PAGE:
You will find a new normal. It won't be as good. She said it. We know it. Nothing will ever give me my sister's voice, her laughter, her words. Nothing can fill the void of her absence. It's like having a phantom limb - I keep searching but it's not there. My life has irrevocably changed, but it can still be pretty great sometimes. I miss her most when things are going well because she's not here to share in the joy. But I recognize that my life can still be better than good, even if it will never be as good.

I have learned to ask for help—and I have learned how much help I need. Until now, I have been the older sister, the COO, the doer and the planner. I did not plan this, and when it happened, I was not capable of doing much of anything. Those closest to me took over. They planned. They arranged. They told me where to sit and reminded me to eat. They are still doing so much to support me and my children.

It is okay to ask for help. You can't do everything by yourself and trying to do so is detrimental to your health, your well being, your family and your friends. This is another thing that I have difficulty with - but I am getting better. Go to a support group. See a therapist. Ask someone else to make dinner or do the laundry or pick up the kids from school. Your mind, body and heart need to process this. It's important to acknowledge that you won't be able to do everything you did before - to be who you were as if nothing happened. And that is okay.

I have learned gratitude. Real gratitude for the things I took for granted before—like life. As heartbroken as I am, I look at my children each day and rejoice that they are alive. I appreciate every smile, every hug. I no longer take each day for granted. When a friend told me that he hates birthdays and so he was not celebrating his, I looked at him and said through tears, “Celebrate your birthday, goddammit. You are lucky to have each one.” My next birthday will be depressing as hell, but I am determined to celebrate it in my heart more than I have ever celebrated a birthday before.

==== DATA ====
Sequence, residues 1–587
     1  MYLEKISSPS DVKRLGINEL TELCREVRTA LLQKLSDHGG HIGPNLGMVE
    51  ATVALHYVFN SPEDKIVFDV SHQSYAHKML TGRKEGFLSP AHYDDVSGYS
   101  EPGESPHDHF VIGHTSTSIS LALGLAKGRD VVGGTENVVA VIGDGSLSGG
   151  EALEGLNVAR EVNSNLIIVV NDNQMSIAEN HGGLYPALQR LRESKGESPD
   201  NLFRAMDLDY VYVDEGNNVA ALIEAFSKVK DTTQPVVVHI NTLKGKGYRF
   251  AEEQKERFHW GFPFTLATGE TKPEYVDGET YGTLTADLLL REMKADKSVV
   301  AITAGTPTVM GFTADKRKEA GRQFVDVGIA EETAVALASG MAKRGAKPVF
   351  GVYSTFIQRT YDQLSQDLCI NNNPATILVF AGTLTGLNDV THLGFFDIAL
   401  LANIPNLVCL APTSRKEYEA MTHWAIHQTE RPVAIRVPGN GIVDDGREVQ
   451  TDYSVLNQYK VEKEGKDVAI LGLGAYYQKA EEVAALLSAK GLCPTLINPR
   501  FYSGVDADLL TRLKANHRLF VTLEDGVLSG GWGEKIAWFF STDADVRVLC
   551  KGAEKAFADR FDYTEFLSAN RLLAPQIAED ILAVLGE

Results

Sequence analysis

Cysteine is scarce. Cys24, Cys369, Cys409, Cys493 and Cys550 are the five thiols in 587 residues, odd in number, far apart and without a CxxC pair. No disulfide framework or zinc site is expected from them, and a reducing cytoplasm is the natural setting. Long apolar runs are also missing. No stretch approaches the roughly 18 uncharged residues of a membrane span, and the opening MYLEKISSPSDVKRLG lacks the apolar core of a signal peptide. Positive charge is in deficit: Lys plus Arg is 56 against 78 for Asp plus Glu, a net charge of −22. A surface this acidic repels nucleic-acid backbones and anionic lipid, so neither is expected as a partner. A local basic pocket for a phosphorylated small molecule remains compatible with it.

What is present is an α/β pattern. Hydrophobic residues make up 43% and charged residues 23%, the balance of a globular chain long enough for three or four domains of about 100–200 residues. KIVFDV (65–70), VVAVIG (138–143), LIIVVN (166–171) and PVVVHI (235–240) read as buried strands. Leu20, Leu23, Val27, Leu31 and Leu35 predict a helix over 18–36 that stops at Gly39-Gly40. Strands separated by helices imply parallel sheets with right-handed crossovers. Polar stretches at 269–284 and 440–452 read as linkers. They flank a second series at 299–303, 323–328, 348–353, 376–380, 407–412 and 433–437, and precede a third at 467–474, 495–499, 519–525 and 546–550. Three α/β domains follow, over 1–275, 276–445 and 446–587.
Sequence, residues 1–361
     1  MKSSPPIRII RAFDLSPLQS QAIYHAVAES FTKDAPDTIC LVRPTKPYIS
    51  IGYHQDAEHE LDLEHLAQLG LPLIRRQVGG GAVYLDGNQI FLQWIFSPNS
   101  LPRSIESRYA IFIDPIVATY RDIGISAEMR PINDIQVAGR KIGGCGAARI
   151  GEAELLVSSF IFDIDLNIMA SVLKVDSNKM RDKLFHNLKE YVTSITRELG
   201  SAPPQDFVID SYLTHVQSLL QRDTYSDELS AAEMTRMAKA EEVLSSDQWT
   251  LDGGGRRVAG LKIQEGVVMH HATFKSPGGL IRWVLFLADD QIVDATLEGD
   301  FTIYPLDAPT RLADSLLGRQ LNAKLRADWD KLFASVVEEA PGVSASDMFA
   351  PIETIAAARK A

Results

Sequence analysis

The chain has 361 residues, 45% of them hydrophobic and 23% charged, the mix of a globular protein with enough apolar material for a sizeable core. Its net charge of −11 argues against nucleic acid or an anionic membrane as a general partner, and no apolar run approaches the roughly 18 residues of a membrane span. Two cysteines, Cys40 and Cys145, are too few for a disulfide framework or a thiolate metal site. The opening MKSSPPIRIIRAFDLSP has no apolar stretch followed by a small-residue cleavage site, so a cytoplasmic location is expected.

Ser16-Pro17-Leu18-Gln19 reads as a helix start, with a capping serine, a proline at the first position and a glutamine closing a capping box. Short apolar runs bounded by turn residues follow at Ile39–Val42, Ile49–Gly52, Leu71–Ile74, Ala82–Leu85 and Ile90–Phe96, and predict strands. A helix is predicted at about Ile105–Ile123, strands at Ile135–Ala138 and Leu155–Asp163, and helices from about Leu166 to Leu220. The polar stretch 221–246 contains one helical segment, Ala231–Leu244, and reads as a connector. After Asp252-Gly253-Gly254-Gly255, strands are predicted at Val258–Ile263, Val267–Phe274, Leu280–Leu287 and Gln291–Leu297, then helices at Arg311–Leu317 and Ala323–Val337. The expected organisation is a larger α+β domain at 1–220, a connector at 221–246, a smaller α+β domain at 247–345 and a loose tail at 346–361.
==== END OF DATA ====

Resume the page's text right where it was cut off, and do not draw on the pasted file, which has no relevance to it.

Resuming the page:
This is another hard one. Once, my sister moved out of the house and went to live with an Uncle. She didn't come home for Christmas and she didn't come for our other sister's December birthday. But she came for my birthday. When she died, I spent some time in denial. I waited and she didn't come home for our sister's birthday. She didn't come back for Christmas. When the clock struck midnight on my birthday, I looked at the door, hoping she'd walk in and all of this had been a lie, a bad dream... She didn't show up. And that's when I knew this was really happening. I've never been able to get even a little bit excited about my birthday since. But I am learning to be grateful - that I have both my parents, my other two sisters, my friends, my family, my work, my pets. I am in good health. I have a good job. I have a roof over my head and I know where my next meal is coming from. There are so many with so much less. Sometimes, this makes me even sadder - perspective can be difficult - but it's important to feel the grace around you - to acknowledge it, in spite of this loss. This loss is not one we chose. It's one that chooses us. But we can choose to embrace Sheryl's lessons, or to re-learn them, even though it is not the answer we want. It is only the answer that gets us to tomorrow. You can read Sheryl's full essay here: